Karen K. Giuliano, RN (above)
Philips Medical Systems, Andover, Massachusetts
Elaine R. Bloniasz, RN
Clinical Nurse III
Baystate Medical Center, Springfield, Massachusetts
Peggy Lambert, RN
Director, Critical Care Services
Catholic Medical Center Manchester, New Hampshire
Although empirical research is still limited and insufficient, there is increasingly more evidence that pets can have a positive emotional and physical impact on people, and in particular patients, through the human-animal bond. In this article, we will explore two particular experiences at different institutions where pet visitation programmes are encouraged, and talk about the sorts of guidelines necessary to ensure hygiene and patient safety. The most recent study in the acutely ill patient population was done using seventy- six hospitalised heart failure patients randomised to three groups:
1) Those left alone (at rest);
2) Those who received a human visitor; and,
3) Those visited by a therapeutic companion dog visit with dog lying on the bed.
The findings of the study clearly showed that only the third group of acutely ill patients, who each received a therapeutic visit from their family pet, experienced measurable physiological benefits, which included improved haemodynamics, decreased plasma epinephrine and decreased anxiety.
Programmes Make a Difference
Baystate Medical Center in Springfield, Massachusetts (USA) has had a pet visitation programme in place in the medical-surgical ICU since 1995. In order to minimise infection control and safety, the infection control department was included in the development of the program. Proof of immunization, recent bathing with flea treatment and 24-hour notice are all required. While it can sometimes be a labour-intensive endeavour, staff feel that it is well worth the effort. Just two weeks after the completion of the organisation of the infrastructure for the programme, there was a request from a patient's family to have the patient's own pet visit. The family was surprised and quite pleased to hear that not only were pets permitted to visit in the ICU, but that there was a supportive programme in place. This was especially important since the patient, Mr. S., was very withdrawn and appeared to respond only to the pictures of his dog that were kept at the bedside.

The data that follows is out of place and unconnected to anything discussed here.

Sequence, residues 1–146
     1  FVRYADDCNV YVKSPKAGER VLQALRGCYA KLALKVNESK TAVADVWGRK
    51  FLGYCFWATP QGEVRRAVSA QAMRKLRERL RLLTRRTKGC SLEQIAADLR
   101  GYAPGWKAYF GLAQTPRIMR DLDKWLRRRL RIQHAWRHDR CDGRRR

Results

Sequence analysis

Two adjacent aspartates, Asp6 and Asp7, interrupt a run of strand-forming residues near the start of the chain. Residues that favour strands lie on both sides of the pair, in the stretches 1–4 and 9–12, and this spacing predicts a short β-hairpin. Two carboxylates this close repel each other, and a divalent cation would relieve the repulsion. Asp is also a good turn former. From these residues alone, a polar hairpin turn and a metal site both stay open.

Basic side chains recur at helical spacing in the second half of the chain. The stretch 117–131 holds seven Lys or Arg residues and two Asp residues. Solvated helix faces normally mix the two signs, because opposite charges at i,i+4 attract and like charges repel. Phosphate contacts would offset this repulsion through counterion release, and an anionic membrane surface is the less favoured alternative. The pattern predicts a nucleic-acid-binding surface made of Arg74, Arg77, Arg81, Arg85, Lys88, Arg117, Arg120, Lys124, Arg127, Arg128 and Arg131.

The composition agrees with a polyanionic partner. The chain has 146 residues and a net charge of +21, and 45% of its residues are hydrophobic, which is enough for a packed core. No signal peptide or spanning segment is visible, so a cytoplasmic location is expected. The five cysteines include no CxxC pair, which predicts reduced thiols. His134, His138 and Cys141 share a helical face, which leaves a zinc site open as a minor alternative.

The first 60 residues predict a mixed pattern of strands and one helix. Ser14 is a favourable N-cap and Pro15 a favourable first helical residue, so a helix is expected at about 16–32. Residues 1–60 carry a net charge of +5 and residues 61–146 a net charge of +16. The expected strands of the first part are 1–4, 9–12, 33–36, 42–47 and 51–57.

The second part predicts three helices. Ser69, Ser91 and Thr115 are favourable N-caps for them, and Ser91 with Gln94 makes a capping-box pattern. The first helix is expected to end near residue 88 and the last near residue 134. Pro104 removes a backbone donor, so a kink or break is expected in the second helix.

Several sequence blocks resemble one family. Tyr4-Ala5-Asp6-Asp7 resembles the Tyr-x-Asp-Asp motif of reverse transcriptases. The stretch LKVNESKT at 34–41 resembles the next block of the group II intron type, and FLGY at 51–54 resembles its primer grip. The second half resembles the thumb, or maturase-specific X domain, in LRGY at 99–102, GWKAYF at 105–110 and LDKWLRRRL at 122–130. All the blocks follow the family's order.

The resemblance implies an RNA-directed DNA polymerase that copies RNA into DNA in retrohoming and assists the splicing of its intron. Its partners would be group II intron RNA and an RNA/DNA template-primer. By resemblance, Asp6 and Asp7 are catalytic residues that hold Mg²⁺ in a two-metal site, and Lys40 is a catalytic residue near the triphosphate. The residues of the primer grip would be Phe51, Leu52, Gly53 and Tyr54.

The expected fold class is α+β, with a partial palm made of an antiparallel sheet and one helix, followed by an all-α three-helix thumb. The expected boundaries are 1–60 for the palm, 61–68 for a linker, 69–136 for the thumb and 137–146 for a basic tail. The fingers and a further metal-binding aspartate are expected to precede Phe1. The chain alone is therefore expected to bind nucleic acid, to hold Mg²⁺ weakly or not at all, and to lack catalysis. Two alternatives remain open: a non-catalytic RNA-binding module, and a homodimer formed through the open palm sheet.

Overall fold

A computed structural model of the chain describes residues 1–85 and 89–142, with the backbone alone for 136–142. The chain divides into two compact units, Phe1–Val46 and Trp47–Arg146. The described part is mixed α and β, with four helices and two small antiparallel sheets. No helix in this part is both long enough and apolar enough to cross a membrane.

Assessing the patient’s mental status was difficult because the patient had both a previous psychiatric condition as well a current neurological insult that was the reason for his ICU admission. "Ellie", his greyhound, began to visit daily and was received with a smile and a notable increase in Mr. S’s cognitive awareness.
In addition, we found that we were able to talk to the patient through Ellie, even though he did not respond to our direct communication, which allowed us to more thoroughly assess his mental status. Both the nursing and medical staff embraced the intervention of pet visitation and enthusiastically incorporated the new therapy into their practice as evidenced by their support and acceptance of Ellie with each visit. After he was discharged from the ICU, Ellie continued to visit him regularly on the long-term respiratory unit. He completed the process of weaning from his ventilator support and was discharged home. Considering that Mr. S. was completely unresponsive to all nursing staff and significant others everyone except for Ellie, this reaction was quite powerful.
Pets Help Long-Term
Critically Ill Patients
At Catholic Medical Center in Manchester, New Hampshire, it was recognised that long term critically ill patients often became depressed and lacked the motivation to participate in their care and journey back to wellness, despite improvement in their condition and active family involvement. There is evidence that depression can adversely affect the outcome of patient recovery, even to the point of increasing mortality risk.
A patient’s stay in the ICU can sometimes be long, arduous, and monotonous and at times, a member of his or her family and that family, including a pet, best meets patient needs. Knowing that we needed to find creative ways to encourage these patients, animal assisted therapy was introduced into our ICU by Donna Proulx, a staff nurse, using the patient’s own pets. During pet visits we have observed withdrawn patients become interactive and anxious patients become calmer. For others, seeing their beloved pets became a motivating factor to participate in their own care in order to get home again and care for their pet. Patients look forward to these visits and exhibit great joy when they see their pet walk into the room and lie in bed with them. This happiness permeates the unit and positively impacts the staff as well.
This doesn't mean that every ICU patient will get a pet visit. It means that if a pet is important to a patient we will try to bring them together. Certain guidelines are followed, such as consent, proof of immunisation, and recent bathing with flea treatment. Nevertheless, it is our belief that pet therapy is a minimal cost intervention that can make a noticeable contribution to the well being of the critically ill patient.